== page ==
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United States v. Miles

United States District Court, W.D. Missouri, Western Division

October 23, 2014

UNITED STATES OF AMERICA, Plaintiff,
v.
STEVEN M. MILES, Defendant.

REPORT AND RECOMMENDATION

SARAH W. HAYS, Magistrate Judge.

This matter is currently before the Court on defendant Miles' Motion to Suppress Evidence Seized During Unlawful Inventory Search and Defendant's Statement as Fruit of the Poisonous Tree (doc #21). For the reasons set forth below, it is recommended that this motion be denied.

I. INTRODUCTION

On May 5, 2014, a Criminal Complaint was filed against Steven M. Miles. On May 20, 2014, the Grand Jury returned a one count indictment against defendant Miles. The indictment charges that on May 5, 2014, defendant Miles, having been convicted of a crime punishable by imprisonment for a term exceeding one year, knowingly possessed a firearm.

On September 18, 2014, an evidentiary hearing was held on defendant's motion to suppress. Defendant Miles was represented by Assistant Federal Public Defender Carie Allen. The Government was represented by Assistant United States Attorney Brent Venneman. The Government called Officer Luke Balsley of the Kansas City, Missouri Police Department as a witness. The defense called no witnesses to testify.

II. FINDINGS OF FACT

On the basis of the evidence adduced at the evidentiary hearing, the undersigned submits the following proposed findings of fact:

1. On May 5, 2014, Officer Luke Balsley and his partner, Officer Taylor Hall, were working the night shift. (Tr. at 4) At approximately 1:00 a.m., Officers Balsley and Hall were conducting a routine patrol in the area of 72nd and Bellefontaine when they observed a silver Lincoln driving with two other vehicles in the area. (Tr. at 6) The Lincoln had an out-of-state license plate which caught the officers' attention. (Tr. at 6) The officers ran the plates through the computer. (Tr. at 6) It took a period of time to receive a response on the plates and during that time, the officers lost contact with the vehicle. (Tr. at 6) When the response came back, it showed that the plates did not belong to the Lincoln. (Tr. at 6) The officers then began an area canvass for the Lincoln. (Tr. at 6)
2. The officers caught up with the Lincoln on Bellefontaine between 72nd and 73rd Streets. (Tr. at 7) Officer Balsley testified that as the officers rounded the corner from 73rd Street onto Bellefontaine, the Lincoln turned its lights off and was then operating in the dark on the city street. (Tr. at 7) As the officers attempted to catch up to the vehicle to conduct a traffic stop, the Lincoln pulled into a driveway at 7211 Bellefontaine. (Tr. at 7) The officers pulled in behind the Lincoln. (Tr. at 7) The officers had activated the overhead lights on their marked police vehicle. (Tr. at 7)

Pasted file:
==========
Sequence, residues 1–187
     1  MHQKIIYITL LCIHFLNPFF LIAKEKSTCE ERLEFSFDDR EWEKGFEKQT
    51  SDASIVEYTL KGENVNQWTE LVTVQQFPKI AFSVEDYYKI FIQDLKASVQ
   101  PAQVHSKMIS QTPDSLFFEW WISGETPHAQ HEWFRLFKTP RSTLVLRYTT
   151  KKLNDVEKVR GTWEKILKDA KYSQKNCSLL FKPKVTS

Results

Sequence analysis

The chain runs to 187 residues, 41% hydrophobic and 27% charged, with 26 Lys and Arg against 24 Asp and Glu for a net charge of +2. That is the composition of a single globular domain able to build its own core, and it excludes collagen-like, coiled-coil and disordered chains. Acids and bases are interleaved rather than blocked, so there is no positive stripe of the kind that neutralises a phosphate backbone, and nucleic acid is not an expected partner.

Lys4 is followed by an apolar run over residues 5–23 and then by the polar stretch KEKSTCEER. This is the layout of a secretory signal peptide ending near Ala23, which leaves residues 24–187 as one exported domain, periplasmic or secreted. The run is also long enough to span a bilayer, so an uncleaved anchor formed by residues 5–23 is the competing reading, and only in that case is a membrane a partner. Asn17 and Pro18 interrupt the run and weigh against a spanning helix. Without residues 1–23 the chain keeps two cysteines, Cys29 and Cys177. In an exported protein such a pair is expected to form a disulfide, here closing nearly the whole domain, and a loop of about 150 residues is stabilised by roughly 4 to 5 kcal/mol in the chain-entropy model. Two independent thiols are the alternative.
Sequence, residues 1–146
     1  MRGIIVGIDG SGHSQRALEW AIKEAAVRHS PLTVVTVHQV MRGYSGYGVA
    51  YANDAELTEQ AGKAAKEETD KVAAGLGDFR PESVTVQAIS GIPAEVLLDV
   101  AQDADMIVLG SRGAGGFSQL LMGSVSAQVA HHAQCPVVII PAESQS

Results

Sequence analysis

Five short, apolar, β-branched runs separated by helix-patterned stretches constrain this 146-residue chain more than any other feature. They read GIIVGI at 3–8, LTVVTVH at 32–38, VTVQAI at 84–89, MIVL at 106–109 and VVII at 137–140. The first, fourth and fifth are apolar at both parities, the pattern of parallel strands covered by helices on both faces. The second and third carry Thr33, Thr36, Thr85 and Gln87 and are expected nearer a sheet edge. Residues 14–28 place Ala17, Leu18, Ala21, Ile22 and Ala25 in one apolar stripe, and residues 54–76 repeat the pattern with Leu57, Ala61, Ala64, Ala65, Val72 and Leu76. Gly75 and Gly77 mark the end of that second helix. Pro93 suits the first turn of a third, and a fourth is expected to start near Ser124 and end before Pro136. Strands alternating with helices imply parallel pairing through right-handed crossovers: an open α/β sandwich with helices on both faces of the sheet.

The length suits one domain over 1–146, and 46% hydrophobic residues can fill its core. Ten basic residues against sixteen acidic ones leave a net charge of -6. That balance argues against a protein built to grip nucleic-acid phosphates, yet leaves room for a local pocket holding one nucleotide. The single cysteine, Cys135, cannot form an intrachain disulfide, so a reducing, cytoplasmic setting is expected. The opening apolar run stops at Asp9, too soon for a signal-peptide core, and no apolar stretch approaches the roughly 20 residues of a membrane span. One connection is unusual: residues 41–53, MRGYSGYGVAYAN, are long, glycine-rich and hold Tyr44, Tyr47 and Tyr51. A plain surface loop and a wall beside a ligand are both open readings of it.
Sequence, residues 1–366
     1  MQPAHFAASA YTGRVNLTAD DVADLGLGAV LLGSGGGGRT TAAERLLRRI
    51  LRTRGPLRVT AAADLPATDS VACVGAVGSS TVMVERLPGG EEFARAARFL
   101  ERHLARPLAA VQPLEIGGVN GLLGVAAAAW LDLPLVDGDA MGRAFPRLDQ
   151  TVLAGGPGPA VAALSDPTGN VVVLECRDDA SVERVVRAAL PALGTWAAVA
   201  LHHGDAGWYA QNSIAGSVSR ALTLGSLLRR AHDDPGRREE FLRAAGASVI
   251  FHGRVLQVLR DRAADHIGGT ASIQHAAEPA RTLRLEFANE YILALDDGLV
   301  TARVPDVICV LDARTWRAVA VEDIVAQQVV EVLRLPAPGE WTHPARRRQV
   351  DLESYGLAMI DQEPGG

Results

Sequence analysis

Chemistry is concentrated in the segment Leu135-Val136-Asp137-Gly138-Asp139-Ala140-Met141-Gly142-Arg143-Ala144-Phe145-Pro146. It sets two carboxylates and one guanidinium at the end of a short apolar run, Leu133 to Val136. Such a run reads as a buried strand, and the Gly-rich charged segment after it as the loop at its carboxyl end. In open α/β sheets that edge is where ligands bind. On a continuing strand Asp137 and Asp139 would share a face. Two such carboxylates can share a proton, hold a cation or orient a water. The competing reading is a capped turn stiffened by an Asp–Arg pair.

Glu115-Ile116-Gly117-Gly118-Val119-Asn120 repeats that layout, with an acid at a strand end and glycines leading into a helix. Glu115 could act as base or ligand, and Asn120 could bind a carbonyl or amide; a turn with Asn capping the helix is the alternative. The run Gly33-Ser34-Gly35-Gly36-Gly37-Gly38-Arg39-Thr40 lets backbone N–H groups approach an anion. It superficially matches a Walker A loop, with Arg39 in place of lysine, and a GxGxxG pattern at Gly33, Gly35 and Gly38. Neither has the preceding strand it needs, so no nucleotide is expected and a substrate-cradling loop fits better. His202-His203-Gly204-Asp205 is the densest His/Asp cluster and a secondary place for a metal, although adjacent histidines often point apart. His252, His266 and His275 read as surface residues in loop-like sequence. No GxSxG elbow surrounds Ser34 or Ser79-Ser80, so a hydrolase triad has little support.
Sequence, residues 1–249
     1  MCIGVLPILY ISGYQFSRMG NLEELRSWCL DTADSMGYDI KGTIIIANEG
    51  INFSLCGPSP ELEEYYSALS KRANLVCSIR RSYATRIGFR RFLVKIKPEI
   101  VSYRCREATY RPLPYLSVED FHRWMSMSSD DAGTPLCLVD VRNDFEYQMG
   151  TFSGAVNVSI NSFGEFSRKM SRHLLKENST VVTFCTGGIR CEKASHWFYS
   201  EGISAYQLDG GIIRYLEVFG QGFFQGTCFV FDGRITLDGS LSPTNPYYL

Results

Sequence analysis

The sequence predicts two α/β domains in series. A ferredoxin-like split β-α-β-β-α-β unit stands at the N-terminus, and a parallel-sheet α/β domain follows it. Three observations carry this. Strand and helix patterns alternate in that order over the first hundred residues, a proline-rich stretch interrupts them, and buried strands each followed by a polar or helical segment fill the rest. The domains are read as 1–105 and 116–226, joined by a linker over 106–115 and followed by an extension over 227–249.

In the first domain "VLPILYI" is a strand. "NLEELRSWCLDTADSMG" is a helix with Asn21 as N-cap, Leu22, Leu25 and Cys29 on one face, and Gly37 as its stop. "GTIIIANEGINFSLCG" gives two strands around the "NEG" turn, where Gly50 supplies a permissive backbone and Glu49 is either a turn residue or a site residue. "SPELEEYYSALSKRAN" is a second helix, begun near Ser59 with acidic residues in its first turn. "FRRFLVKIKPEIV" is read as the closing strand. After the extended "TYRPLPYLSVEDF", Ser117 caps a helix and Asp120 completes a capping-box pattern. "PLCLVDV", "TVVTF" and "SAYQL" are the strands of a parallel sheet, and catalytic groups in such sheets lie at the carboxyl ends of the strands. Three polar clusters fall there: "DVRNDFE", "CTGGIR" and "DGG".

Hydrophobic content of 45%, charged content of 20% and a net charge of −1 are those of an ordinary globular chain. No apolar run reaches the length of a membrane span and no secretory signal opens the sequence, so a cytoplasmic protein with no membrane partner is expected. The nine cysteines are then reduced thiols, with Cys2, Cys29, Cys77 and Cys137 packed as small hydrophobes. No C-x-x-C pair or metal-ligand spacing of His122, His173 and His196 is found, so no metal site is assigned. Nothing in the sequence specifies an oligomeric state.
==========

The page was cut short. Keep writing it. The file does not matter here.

3. Officers Balsley and Hall exited their patrol vehicle. (Tr. at 8) Officer Hall, who was driving the patrol vehicle, approached the driver of the Lincoln. (Tr. at 8) Officer Balsley approached the passenger side of the Lincoln. (Tr. at 9) Officer Balsley did not hear the initial conversation that Officer Hall was having with the driver of the Lincoln, but he eventually circled around to the driver's side where he could hear a little better. (Tr. at 9) Officer Hall had requested identification for the driver and registration for the vehicle. (Tr. at 9) The driver, Sierra Oldenburg, had produced a driver's license, but no proof of ownership or insurance for the Lincoln.[1] (Tr. at 9) The officers were told that 7211 Bellefontaine was the address for Ms. Oldenburg, but Officer Balsley testified that he did not believe that they had been provided with any information to verify that it was her address.[2] (Tr. at 13)
4. Officer Balsley testified that the windows of the Lincoln appeared to have some kind of a temporary tinting on them which almost completely blacked out the side windows so that the officers did not have a clear view into the vehicle. (Tr. at 10) Officer Balsley testified that the tint on this vehicle was in violation of a City of Kansas City, Missouri ordinance. (Tr. at 11)
5. There were two passengers in the Lincoln, Steven Miles in the front and Rodney Campbell in the back. (Tr. at 9-10) Officer Balsley testified that the occupants of the vehicle had lit cigarettes which were filling the vehicle with the odor of smoke. (Tr. at 10-11) The officers ran records checks on the driver and two passengers. (Tr. at 10) The records check on Steven Miles came back with two Kansas City warrants. (Tr. at 11) The occupants of the vehicle were asked to exit the vehicle and Miles was placed in handcuffs. (Tr. at 11)
6. The information the officers had on the Lincoln was that the plates did not belong to the vehicle and the plates also did not respond to anyone in the vehicle. (Tr. at 12) The plates were registered to another party. (Tr. at 12) Ms. Oldenburg and defendant Miles told the officers that they had recently purchased the vehicle and had not yet registered it under their names. (Tr. at 12) Officer Balsley testified that during his initial encounter with defendant Miles and Ms. Oldenburg on May 5, 2014, he was not given or shown the bills of sale for the vehicle which were admitted as Defendant's Exhibits 1 and 2. (Tr. at 12)
7. After the occupants of the Lincoln were asked to exit the vehicle, the officers asked for consent to search the Lincoln. (Tr. at 12-13) Officer Balsley testified that he wanted to search the vehicle to see if there was contraband in it. (Tr. at 14) Based on the time of day the vehicle was out in a high-crime area known for drugs, the tinting of the windows, and the fact that there were numerous cigarettes lit when the officers contacted the occupants in the vehicle in what Officer Balsley believed was an attempt to mask other odors that may be present in the vehicle, such as the odor of marijuana, Officer Balsley believed there was contraband in the vehicle. (Tr. at 14-15) Consent was not given. (Tr. at 13)